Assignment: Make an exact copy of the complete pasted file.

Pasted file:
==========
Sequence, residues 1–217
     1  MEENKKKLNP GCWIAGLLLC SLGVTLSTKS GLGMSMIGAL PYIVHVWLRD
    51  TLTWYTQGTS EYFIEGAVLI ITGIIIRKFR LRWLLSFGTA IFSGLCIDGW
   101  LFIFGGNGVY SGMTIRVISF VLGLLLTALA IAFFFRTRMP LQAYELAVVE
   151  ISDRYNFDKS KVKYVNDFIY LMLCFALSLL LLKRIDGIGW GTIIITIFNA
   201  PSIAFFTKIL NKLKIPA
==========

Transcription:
Sequence, residues 1–217
     1  MEENKKKLNP GCWIAGLLLC SLGVTLSTKS GLGMSMIGAL PYIVHVWLRD
    51  TLTWYTQGTS EYFIEGAVLI ITGIIIRKFR LRWLLSFGTA IFSGLCIDGW
   101  LFIFGGNGVY SGMTIRVISF VLGLLLTALA IAFFFRTRMP LQAYELAVVE
   151  ISDRYNFDKS KVKYVNDFIY LMLCFALSLL LLKRIDGIGW GTIIITIFNA
   201  PSIAFFTKIL NKLKIPA